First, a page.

Giving Back Series: An Interview with George Hicker

Giraffes, African Safari, Kenya

(Editor’s note: This guest blog was written by Médora Benson for our Giving Back Series. She recently interviewed George Hicker, a Syracuse University alumnus and devoted philanthropist, for this article.)

In our Wireless Traveler Giving Back Series we are delighted to feature some of the activities of our clients who go above and beyond in giving back to the community – both locally and globally!

George Hicker, a Syracuse University alumnus, has experience ranging from the business world to music and real estate. He and his wife Kathy epitomize generosity of time and spirit.

Médora: Can you describe the Syracuse program that helps those with disabilities?

George: The program I’m involved with at Syracuse is with an individual named Brian McLane. I met him during my freshman year at Syracuse and he’s been a quadriplegic since birth. We’re involved with four projects right now under the McLane Legacy Fund. Our first project upgraded about twenty-five buildings in respect to directories, water fountains, and ingress and egress. A second project is two carts that will help disabled students get to their classes and around campus more easily. A third one is an upgrade, for the mentally and physically disabled, to gain access to the Internet via computer systems. And the fourth project is a program that really hasn’t taken off yet, but the intention is to implement more individual and one-on-one contact to help students navigate their education at Syracuse.

Médora: What inspired you to begin the program?

George: It was the observation of the mentally and physically disabled in general, and how people are many times unconscious to what they have to deal with; and I probably have extra insight and knowledge having known Brian for over fifty years.

Médora: So Brian is still fully immersed with this program as much as you are?

George: Yes, he even lives at the Sheraton hotel on campus.

Médora: Does the university itself contribute to the funding? And are you actively seeking other donors?

George: Yes, the university contributed $1 million to the first project that I mentioned. As for donors, my initial donation was $1 million and there are people that I’ve known over time, such as John Chapple, a former Chairman of Board trustee who committed $250,000, as well as three people who have contributed $50,000, along with other donations continuing to come in. We’ll see where all of this goes beginning in the upcoming semester.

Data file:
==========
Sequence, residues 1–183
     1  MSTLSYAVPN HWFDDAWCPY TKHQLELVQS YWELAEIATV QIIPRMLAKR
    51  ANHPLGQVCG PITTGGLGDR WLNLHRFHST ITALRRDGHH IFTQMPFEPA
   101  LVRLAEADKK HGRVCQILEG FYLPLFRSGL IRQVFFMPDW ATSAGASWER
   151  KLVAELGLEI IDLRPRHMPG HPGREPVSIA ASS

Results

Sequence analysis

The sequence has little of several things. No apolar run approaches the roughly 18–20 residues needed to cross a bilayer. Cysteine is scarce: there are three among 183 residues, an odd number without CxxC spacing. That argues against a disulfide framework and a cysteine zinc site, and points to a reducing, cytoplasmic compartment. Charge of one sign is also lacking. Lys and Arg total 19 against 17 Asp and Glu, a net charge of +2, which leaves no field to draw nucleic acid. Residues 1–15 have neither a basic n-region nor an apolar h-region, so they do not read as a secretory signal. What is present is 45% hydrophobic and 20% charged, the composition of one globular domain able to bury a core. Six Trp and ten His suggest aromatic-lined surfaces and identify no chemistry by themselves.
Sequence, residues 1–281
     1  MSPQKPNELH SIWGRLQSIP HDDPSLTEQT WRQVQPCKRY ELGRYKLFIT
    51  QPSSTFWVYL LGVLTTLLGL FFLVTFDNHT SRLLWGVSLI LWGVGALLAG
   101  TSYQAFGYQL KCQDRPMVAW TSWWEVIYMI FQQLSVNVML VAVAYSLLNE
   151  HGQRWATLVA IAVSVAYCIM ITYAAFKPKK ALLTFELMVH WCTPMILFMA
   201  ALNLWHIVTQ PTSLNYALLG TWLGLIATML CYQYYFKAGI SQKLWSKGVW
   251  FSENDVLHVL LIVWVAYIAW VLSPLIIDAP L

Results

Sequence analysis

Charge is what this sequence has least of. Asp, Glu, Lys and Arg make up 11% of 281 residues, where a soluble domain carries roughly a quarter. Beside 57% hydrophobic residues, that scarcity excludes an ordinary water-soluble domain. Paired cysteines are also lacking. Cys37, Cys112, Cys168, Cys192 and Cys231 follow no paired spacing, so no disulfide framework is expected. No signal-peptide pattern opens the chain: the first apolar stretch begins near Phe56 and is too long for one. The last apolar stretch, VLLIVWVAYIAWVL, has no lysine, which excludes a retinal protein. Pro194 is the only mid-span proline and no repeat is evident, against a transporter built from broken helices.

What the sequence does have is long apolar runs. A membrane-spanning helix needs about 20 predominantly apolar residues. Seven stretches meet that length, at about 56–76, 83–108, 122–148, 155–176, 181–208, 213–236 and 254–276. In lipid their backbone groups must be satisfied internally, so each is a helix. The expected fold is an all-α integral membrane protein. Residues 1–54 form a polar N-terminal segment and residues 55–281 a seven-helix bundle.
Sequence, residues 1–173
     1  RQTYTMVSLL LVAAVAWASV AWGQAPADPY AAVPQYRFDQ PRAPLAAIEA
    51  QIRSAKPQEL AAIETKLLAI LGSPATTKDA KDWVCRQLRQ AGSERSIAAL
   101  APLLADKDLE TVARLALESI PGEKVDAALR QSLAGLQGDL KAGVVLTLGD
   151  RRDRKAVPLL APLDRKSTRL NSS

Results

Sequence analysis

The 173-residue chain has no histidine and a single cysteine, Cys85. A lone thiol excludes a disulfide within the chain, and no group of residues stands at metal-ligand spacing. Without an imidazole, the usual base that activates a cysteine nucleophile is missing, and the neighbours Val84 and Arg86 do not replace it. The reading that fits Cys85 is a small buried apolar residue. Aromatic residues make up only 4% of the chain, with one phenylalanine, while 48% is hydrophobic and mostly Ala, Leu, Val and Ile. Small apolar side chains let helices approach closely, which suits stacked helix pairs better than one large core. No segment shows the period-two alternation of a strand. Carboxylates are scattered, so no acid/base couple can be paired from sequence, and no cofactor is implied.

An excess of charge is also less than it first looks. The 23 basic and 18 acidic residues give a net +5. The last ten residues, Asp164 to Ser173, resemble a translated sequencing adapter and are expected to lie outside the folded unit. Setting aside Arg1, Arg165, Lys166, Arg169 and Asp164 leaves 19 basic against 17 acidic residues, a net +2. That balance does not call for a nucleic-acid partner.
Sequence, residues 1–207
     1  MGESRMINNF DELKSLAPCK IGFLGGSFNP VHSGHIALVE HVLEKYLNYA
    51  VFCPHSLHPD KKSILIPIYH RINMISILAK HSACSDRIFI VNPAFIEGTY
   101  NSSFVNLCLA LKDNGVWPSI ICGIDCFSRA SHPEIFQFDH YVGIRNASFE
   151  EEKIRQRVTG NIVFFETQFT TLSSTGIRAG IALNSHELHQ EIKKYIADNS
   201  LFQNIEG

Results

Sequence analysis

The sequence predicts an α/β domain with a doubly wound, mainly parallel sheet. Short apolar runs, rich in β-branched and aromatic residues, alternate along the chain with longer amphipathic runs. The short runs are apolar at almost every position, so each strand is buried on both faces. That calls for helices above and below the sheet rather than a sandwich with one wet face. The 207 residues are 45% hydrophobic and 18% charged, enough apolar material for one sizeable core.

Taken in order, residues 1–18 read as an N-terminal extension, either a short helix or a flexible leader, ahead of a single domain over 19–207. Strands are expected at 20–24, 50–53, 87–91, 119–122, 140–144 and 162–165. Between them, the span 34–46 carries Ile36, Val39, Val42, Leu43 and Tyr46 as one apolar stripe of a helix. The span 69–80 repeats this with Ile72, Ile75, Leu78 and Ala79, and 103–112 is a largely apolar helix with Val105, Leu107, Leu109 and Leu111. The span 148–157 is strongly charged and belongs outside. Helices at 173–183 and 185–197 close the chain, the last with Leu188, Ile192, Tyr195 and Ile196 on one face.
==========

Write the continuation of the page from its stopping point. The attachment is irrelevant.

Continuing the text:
Médora: Does this program give volunteer opportunities to students without disabilities?

George: Not to my knowledge at this point, no. One of the things we did was assist with the Summer Start Program for kids with disabilities at Syracuse. Last year we funded nine or ten scholarships, and all but one of them are still in school.

Médora: Does this program continue to help these students even after graduating?

George: Well as of now the program is only two years out, so none of the students in the program have graduated yet. However, I doubt it, I believe the program will mainly be helpful during their time at Syracuse.

Médora: In addition to this wonderful work at Syracuse, you are currently in Kenya. What is the purpose of this trip?

George: Well there are a number of things. My wife and I have been coming to Kenya since 1972 and we have built a house adjacent to the Mt. Kenya Safari. So this is the second time we’ve been here for an extended period of time since the house was built. And there’s an educational program to save an endangered species called the Bongo that we’re involved with. I think it’s just the most God sent group of people I’ve ever been around; they have so little and they’re always smiling. And in addition to that, which you don’t have in other places that you go to is that when you go out into the bush, you see every imaginable thing that can happen, amongst cheetahs, lions, rhinos, leopards, every kind of antelope; it’s just a phenomenal place.

Médora: Are you involved in any other philanthropic activities?

George: I have a scholarship fund running at the high school I went to. In fact one of the three people who got the scholarship is going to go to Syracuse. I’m also the Chairman of the Board for the Fellowship of Christian Athletes in Los Angeles. We deal with over 5,000 kids a week, 20,000 a month, in almost 100 schools. Our mission is basically predicated on the understanding of the bible and helping kids stay out of trouble. Also, KidSave International which is headquartered in Washington and Los Angeles; which is also how we adopted our own boys from a Russian orphanage ten years ago. They’re both now juniors in college, in fact one’s at Syracuse. KidSave has brought thousands of kids from Colombia, Russia, Kazakhstan, and China to the United States for adoption.

Médora: As an alumnus of Syracuse University, what’s one piece of advice you would give to the recent graduates of 2016?

George: You’re going to go out, you’re going to think that you’re going to know what you’re going to do. And the majority will find out that it’s not what you’re going to do; that you’ll probably end up doing something entirely different than what your education prepared you for.

Médora: Lastly, on behalf of Wireless Traveler, how is the Wireless Traveler Wi-Fi Calling App working for you in Kenya?

George: *Laughter* The last time we came here a year ago, we were on a ship for seven days, and I kept turning on the Cardinal games in the middle of the night to watch their baseball games. I think the bill was $2,300! And if I used my other line, I don’t know what the bill would have been. But for calls, the reception is good except in the Mara, understandably; but yeah, it’s been great. I don’t think I’ve spent $20 yet and I’ve been on the phone a lot, close to 22 hours of business calls from Kenya!